A recent hack of an Air Force captain assigned to the 432nd Aircraft Maintenance Squadron at Creech Air Force Base, Nevada, and the subsequent offer for sale of the “Reaper Drone” design via the dark web for less than $200 has caught the attention of many inside and out of government.
The individual doing the purloining of the design found his victim by perusing and querying the internet of things (IoT) search engine Shodan in search of NetGear routers. Once located, the miscreant used the factory default password to access the router. In this manner, according to the Stars and Stripes, the hacker obtained a number of files from the captain’s home network including training manuals, personnel lists and, ironically, the captain’s certificate of completion of the Air Force “Cyber Awareness Challenge” training.
Once the documents were in hand, the culprit attempted to monetize the documents via an online sale. However, his actions were discovered and reported to military response teams by Recorded Future, a threat intelligence provider.
Reaching out to Recorded Future, we asked how they validated that the “Reaper Drone” document they discovered and attempted to purchase on the dark web. The company advised that they did reach out to the U.S. military, specifically the Defense Security Service (DSS). In addition, they contacted several of their government customers, whom they declined to identify.
The July 2018 revelation of the presence of the documents on the dark web, offered for sale at a price of $150 to $200, causes all to take a step back at determining the provenance of the documents, as the price seems low. Recorded Future explained how they determined the documents were legit and not fraudulent mockups perhaps to induce Iranian or North Korean military procurement entities to purchase a salted military drone design.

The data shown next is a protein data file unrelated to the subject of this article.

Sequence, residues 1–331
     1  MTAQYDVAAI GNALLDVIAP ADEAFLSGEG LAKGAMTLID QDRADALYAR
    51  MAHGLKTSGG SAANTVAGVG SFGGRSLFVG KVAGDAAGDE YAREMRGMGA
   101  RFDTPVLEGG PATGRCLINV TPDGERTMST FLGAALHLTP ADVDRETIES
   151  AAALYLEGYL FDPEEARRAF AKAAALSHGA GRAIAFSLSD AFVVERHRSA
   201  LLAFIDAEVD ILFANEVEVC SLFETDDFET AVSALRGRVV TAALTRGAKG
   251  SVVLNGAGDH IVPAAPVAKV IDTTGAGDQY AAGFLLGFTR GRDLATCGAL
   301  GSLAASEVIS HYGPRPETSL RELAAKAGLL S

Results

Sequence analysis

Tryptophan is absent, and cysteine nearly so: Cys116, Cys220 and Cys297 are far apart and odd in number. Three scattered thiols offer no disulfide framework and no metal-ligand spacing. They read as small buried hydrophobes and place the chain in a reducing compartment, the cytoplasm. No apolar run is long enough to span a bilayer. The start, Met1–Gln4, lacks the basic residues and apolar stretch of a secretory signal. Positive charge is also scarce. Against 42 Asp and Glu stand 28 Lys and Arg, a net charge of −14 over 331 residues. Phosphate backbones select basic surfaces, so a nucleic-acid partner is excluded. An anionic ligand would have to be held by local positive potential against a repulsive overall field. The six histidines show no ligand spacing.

The firm first reviewed the previous activities tied to the individual offering the Reaper Drone information for sale, then did a review of the conversations between their own analysts and the individual, who lost access to the “Captain’s computer” once Recorded Future had notified U.S. authorities. Based on that, Recorded Future’s confidence was high the offered documents were legitimate U.S. defense documents—though, they noted, they do not have the means to “verify with absolute certainty that the documents are legitimate.” According to The Stars and Stripes article, Recorded Future has “a high degree of confidence the hacker is from South America.”
Those who have been following Iranian geopolitical and military intrigue understand the desire of the Iranian Revolutionary Guard Corps (IRGC) to not only understand but also acquire documents such as those associated with the Reaper drone. In 2011, a U.S. drone crashed in Iranian territory and was used as the “model” for the Iranian Saeqeh (Thunderbolt) drone, which the IRGC built in 2016. Saeqeh was also the drone used by the IRGC from a base in Syria to reconnoiter Israeli territory and subsequently was shot down by the Israeli Air Force.
Assuming the captain’s home network wasn’t a honeypot and was legitimately compromised, this event provides a teaching moment: It demonstrates that individuals may work within one of the most secure and cyber-capable environments, but once they leave the safety of that cocoon, their individual engagement lacks the resources necessary to reach the level of security they enjoy at their workplace.
Furthermore, as detailed in Recorded Future’s own report, “Very few understand the importance of properly securing wireless access points (WAP), and even fewer use strong passwords …”
What isn’t told to us, nor has it been revealed by the U.S. Department of Defense is why the Air Force officer had these documents on his home computer. Perhaps the answer to that is a different tale about an insider taking sensitive data out of network?